CAROLINA BEACH — The Town Council meeting on Tuesday, Jan. 10, was packed with protesters, overflowing into the parking lot where people listened to the proceedings over the loudspeaker. So many vehicles arrived that Carolina Beach Police Chief Chris Spivey had to intervene, preventing tow trucks from clearing the lot. It appeared that Alex Torres, a Carolina Beach resident who has helped lead the protest against allowing helicopter flights in Carolina Beach, had made good on his promise to “pack the place.”
While there were several issues on the agenda, it was clear from the numerous signs – bearing a ‘no helicopter’ logo – that the future of helicopter tourism in Carolina Beach was the main attraction. Mayor Dan Wilcox acknowledged this, asking the crowd “let’s just be respectful, no booing, no clapping, no rude gestures.” Wilcox than altered the agenda proceedings slightly for the sake of time, allowing council staff to make two presentations before public comment was opened.
The first presentation was for the Carolina Beach Planning and Zoning’s recommendation to prohibit helicopter traffic completely. The second presentation was a town code amendment that would allow very limited helicopter use, namely three one-time permits that could be given out on a first-come first-serve basis out over the calendar year.
Before public comment opened, Mayor Wilcox addressed the elephant in the room, asking the crowd, “Does anyone here not know I am in a relationship with Ms. Ward?” Wilcox referred to his romantic relationship with Jessica Ward, owner of High Tide Helicopters. Ward’s company applied for a business license in May of 2016.
However, while Ward was present and taking notes at the meeting, her company had not made a new application. Ward did not make public comment, but Wilcox did say, “This has nothing to do with the applicant,” referring to Ward. “Nothing that’s being done tonight is any different than anything else that comes through here.”
Those who made public comment did not always appear to keep Wilcox’s words in mind; town residents speaking both in favor of and against the measure to prohibit helicopter tourism referenced Ward’s business.
Wilcox requested that public speakers keep their comments to three minutes, though he did not interrupt when several speakers digressed from the business at hand to address, among other things, traffic on side-streets and business at the marina. Over the three hours of public comments, Wilcox twice had to caution attendees who applauded speakers weighing in against helicopter business. In the later hours of public comment, the crowd silently waived their ‘no-helicopter’ signs.
Several speakers spoke positively about the potential for helicopter tourism. Lynne Justice-Denne, who has lived on the island since 1979, told the council that the noise of helicopters would join the sounds of bars and musicians.
“For me,” Justice-Denne said, “it is the sound of life in our robust beach town in the warm months. They are the sounds coming from the very businesses that are being promoted as reasons for tourist[s] to choose Pleasure Island, to rent rooms or vacation homes, dine and visit here. I know these are the sounds that I will only have to endure during the warm months because I live in a tourist town and it will be quiet soon so I do not mind. I know others are enjoying a visit to the place I get to enjoy all year long.”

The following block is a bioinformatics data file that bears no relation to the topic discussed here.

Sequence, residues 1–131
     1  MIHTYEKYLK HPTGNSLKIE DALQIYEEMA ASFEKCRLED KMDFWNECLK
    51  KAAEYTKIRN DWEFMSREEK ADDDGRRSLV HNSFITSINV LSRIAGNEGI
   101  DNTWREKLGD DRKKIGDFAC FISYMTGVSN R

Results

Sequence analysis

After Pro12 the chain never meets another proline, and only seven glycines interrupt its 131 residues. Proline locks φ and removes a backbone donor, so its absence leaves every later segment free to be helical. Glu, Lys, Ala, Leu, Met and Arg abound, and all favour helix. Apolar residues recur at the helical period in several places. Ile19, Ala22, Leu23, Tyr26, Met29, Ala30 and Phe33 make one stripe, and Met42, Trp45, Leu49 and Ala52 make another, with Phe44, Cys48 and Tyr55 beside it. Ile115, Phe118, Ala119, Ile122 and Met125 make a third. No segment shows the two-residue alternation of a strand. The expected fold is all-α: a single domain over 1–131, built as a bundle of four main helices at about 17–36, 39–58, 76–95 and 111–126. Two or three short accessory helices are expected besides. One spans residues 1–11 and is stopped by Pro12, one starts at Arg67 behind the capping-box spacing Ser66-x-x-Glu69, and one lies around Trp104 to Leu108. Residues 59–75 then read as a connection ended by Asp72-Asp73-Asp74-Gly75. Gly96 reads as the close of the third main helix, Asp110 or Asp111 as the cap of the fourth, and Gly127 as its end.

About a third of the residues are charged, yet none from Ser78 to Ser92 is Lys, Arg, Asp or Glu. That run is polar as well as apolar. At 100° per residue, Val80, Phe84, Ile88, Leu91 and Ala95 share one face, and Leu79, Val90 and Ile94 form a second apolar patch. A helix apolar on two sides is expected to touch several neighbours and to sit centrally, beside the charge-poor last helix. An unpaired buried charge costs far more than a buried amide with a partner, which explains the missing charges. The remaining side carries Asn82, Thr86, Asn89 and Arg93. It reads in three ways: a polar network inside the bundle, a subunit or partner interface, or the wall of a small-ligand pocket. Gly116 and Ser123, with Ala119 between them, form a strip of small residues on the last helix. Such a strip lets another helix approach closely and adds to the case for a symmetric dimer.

Mark Grady, an experienced pilot and traffic reporter for WRAL in Raleigh, spoke about safety of helicopters, hoping to negate what he saw as the earnest but unfounded concerns of earlier speakers.
Despite these positive remarks, the majority of speakers did speak against helicopters in Carolina Beach, citing reasons including property devaluation, noise pollution, the impact on veterans with PTSD and damage to the wetland ecosystem.
Sgt. Peter Linquist, an Iraq veteran, made an impassioned plea, telling the council that for him and his fellow veterans “the sound of helicopters is the sound of someone dying.” Linquist said, “I’m begging you not to allow this over my house.”
Nan Toppin, of the town’s planning and zoning commission, stepped out of her official role to address the council as a resident. She told the council, “you’re either going to vote to prohibit this with no exceptions or allowances or you’re not.” Toppin added that anything but a vote completely prohibiting helicopter traffic would represent the council ignoring the people’s wishes. “I don’t think the people could have been any more clear,” Toppin said in closing, “I’m here to hold you accountable tonight.”
After a brief recess, the council reconvened to vote. Ward had left the meeting already when Wilcox again acknowledged that he had “taken some heat,” for his relationship with Ward, but reiterated that there was “no conspiracy” behind the council’s vote.
“I like win-win situations. I look for them I work hard for them,” Wilcox said. “But I don’t see that here.”
The council then voted quickly and unanimously to adopt the zoning regulation to prohibit helicopter use in Carolina Beach. After brief comments, the council also voted not to adopt any conditional use permits for helicopters, after agreeing that any kind of emergency of military helicopter use would not require a change in the town code.